12. On examining the said decision, it is seen that the issue before the Supreme Court was somewhat different from the issue that arises in the present case. Paragraph 2 of the judgment sets out the question that arose there: “Whether the retired employees of the Appellant bank are entitled to payment of gratuity” under the PGA? The contention of the retired employees of the Bank was that the consent given by them to opt for the pension scheme would not disentitle them to receive gratuity in terms of the PGA. When the Bank rejected this claim, the retired employees’ Association filed a writ petition in the High Court of Allahabad. The Bank in resisting the writ petition contended that that the pension scheme was more advantageous to the retired employees than that of gratuity. The writ petition was allowed by the High Court holding that the retired employees were entitled to the benefit of gratuity in terms of the PGA and directed the Bank to pay them gratuity within a fixed time frame. Aggrieved by the decision of the High Court, the Bank appealed to the Supreme Court.

13. During the pendency of the appeal in the Supreme Court, an order was passed by the Supreme Court directing the parties to appear before the CA and requiring the CA to decide whether the benefits under the pension scheme were more beneficial when compared to the payment of gratuity under the PGA. The CA held that the amount received by the employees under the pension scheme was more than what they could have receive under the PGA. The Retired Employees Association and the Retirees Association filed two writ petitions challenging the order of the CA. These writ petitions were then heard with the pending appeal.

14. The Supreme Court in Allahabad Bank (supra) first agreed with the retired employees’ Association that “that pension and gratuity are separate retiral benefits and right to gratuity is a statutory right.” The Supreme Court rejected the contention of the Bank that its pension scheme was more advantageous than the provisions of the gratuity and that those who had volunteered for the pension were also not entitled to receive gratuity. It was held as under:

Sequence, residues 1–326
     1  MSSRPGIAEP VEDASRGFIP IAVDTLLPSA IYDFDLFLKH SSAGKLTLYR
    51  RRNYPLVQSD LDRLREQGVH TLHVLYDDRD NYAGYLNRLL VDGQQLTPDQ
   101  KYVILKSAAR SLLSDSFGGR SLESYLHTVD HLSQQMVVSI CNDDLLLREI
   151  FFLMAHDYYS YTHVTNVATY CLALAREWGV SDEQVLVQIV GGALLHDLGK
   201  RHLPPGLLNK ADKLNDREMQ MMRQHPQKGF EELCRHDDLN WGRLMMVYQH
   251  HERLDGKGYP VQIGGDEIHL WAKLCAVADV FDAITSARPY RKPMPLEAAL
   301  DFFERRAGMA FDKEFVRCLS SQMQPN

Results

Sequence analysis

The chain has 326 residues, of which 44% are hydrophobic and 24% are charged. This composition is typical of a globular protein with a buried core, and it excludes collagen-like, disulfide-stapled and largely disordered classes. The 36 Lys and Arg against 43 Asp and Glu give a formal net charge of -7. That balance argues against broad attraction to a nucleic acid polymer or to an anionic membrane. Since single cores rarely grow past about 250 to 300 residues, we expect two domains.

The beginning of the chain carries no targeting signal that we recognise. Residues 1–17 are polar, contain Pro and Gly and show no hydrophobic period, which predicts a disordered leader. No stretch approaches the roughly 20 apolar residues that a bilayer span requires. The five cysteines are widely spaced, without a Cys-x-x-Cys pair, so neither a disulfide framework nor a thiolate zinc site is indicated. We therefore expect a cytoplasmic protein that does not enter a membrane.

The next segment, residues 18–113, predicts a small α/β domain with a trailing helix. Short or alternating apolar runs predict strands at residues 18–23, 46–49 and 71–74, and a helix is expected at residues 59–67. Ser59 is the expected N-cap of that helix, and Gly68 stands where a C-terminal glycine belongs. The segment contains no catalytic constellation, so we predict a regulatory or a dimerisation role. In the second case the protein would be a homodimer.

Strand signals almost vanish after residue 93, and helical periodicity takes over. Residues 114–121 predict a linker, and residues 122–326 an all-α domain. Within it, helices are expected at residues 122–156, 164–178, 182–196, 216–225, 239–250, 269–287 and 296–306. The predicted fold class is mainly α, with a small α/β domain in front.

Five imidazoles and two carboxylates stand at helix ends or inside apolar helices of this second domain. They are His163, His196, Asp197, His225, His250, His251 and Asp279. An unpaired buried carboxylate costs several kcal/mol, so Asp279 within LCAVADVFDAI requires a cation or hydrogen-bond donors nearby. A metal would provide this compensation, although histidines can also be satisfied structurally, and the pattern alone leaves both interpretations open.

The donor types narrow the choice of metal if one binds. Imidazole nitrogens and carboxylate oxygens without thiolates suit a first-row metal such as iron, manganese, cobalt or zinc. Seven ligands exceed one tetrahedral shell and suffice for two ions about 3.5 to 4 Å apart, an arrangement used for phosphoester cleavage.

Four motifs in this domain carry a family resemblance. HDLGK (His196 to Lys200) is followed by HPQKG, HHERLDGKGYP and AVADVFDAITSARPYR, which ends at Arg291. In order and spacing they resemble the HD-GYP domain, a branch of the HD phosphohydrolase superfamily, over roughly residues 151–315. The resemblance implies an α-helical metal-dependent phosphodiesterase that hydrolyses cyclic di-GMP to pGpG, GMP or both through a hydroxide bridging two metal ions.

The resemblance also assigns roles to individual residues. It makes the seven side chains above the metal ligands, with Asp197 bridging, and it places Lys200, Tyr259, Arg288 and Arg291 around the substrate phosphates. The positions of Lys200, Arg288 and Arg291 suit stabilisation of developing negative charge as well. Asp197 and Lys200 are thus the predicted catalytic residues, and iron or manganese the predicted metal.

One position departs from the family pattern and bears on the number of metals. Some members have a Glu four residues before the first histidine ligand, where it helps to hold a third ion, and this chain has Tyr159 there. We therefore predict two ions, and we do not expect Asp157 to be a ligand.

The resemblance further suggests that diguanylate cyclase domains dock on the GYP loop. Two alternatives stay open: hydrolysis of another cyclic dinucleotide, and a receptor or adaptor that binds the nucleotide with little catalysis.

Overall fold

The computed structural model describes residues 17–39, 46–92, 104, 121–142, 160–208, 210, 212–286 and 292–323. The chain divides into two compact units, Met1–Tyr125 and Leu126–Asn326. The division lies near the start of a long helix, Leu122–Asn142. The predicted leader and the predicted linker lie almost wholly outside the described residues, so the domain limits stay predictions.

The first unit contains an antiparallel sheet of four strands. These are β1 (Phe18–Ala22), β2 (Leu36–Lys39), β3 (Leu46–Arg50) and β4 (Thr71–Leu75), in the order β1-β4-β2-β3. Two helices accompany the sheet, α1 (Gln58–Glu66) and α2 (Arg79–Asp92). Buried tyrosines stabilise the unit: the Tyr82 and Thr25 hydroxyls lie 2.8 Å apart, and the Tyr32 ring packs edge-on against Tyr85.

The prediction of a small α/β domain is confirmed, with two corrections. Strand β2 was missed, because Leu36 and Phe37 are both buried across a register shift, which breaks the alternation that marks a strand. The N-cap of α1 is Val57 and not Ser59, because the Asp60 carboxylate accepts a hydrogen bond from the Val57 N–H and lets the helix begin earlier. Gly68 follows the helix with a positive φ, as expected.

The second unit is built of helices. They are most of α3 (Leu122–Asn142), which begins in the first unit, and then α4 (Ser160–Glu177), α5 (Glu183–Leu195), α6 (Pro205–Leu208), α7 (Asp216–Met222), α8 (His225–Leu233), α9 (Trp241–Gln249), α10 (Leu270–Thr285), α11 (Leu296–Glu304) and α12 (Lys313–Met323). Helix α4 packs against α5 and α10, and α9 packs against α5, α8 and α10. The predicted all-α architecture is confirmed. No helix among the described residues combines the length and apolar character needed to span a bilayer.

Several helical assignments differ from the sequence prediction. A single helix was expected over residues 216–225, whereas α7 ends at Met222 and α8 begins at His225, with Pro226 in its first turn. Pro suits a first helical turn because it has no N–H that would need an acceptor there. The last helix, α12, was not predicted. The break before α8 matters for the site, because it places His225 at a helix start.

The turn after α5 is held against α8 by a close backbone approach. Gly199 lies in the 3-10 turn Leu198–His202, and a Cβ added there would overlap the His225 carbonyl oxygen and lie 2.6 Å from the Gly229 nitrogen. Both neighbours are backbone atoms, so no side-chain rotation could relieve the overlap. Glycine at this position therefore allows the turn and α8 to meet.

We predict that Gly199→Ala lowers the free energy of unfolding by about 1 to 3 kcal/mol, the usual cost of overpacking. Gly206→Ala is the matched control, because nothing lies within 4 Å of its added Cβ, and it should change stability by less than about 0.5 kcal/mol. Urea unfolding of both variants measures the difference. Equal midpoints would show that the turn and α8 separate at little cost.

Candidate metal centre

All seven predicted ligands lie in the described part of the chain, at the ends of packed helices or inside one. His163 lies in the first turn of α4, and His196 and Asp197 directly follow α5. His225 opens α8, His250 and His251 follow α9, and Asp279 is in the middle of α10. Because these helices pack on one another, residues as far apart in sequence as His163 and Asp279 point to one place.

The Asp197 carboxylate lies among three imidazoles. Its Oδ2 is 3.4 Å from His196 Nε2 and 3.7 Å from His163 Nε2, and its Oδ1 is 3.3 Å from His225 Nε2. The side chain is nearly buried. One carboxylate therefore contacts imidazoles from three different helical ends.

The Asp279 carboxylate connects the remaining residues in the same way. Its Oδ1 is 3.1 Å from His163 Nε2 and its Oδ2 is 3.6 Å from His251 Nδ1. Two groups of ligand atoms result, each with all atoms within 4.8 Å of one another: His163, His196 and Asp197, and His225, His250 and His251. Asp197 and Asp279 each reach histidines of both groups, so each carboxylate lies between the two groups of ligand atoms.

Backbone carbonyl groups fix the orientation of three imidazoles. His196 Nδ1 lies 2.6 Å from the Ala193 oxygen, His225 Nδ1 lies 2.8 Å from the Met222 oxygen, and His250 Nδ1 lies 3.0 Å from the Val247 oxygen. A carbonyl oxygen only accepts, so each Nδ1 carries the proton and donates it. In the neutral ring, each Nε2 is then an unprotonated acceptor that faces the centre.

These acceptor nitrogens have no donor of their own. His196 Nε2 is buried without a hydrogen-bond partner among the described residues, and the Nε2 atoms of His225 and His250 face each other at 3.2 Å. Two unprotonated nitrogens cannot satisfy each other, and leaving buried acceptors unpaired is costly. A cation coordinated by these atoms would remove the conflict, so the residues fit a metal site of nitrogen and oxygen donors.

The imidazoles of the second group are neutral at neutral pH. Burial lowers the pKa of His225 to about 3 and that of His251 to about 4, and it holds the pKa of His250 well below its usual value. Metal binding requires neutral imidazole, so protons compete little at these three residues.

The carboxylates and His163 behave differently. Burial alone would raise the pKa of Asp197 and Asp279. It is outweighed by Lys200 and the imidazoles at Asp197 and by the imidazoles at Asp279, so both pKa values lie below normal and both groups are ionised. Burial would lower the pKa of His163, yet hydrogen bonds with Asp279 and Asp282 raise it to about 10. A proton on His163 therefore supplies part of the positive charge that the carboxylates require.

30…..it is for the appropriate Government to form the requisite opinion that the employees were in receipt of gratuity or pensionary benefits which were more favourable than the benefits conferred under the Act and therefore, the establishment must be exempted from the operation of the provisions of the Act. The Bank having failed to obtain exemption from the operation of the provisions of the Act cannot be permitted to raise this plea.

31. No establishment can decide for itself that employees in such establishments were in receipt of gratuity or pensionary benefits not less favourable than the benefits conferred under the Act. Sub-section (5) of Section 4 protects the rights of an employee to receive better terms of gratuity from its employer under any Award or agreement or contract as the case may be. Admittedly the Scheme under which the employees of the Bank received the pension was in lieu of gratuity. There is no question of comparing the said Scheme and arrive at any conclusion that what they have received was much better in terms than the benefits conferred under the Act. Reliance upon sub-section (5) of Section 4 is therefore unsustainable.”

15. Therefore, the question before the Supreme Court in Allahabad Bank (supra) was whether the retired employees were entitled to receive gratuity in addition to the pension they had opted for under the pension scheme. That was answered in the affirmative. It was emphasised that the determination whether the pension scheme was more advantageous when compared to the provisions of the gratuity under the PGA had to be done by the appropriate government. It was in that context, while dealing with the challenge laid by the retired employees’ Association to the order of the CA, the Supreme Court observed as under:

“44. Sub-section (7) of Section 7, provides for an appeal against the order of the Controlling Authority. The Act, nowhere confers any jurisdiction upon the Controlling Authority to deal with any issue under sub- section (5) of Section 4 as to whether the terms of gratuity payable under any Award or agreement or contract is more beneficial to employees than the one provided for payment of gratuity under the Act. This Court's order could not have conferred any such jurisdiction upon the Controlling Authority to decide any matter under sub-section (5) of Section 4, since the Parliament in its wisdom had chosen to confer such jurisdiction only upon the appropriate Government and that too for the purposes of considering to grant exemption from the operation of the provisions of the Act.”

16. Therefore, it is clear that the above observations of the Supreme Court were in the context of an employer being granted exemption from applicability of the PGA and not so much as the jurisdiction of the CA to decide a claim made by an employee for gratuity with reference to a scheme of an employer which provided better terms of gratuity. As rightly concluded by the learned Single Judge, all that was held in Allahabad Bank (supra) was that the CA did not have the power to decide “whether an employer is exempt from paying gratuity under the said Act, merely because it finds that the employer's internal scheme for pensionary benefits is better than the statutory scheme for gratuity”. Such power had been granted only to the appropriate government. On this proposition, there is no difficulty whatsoever.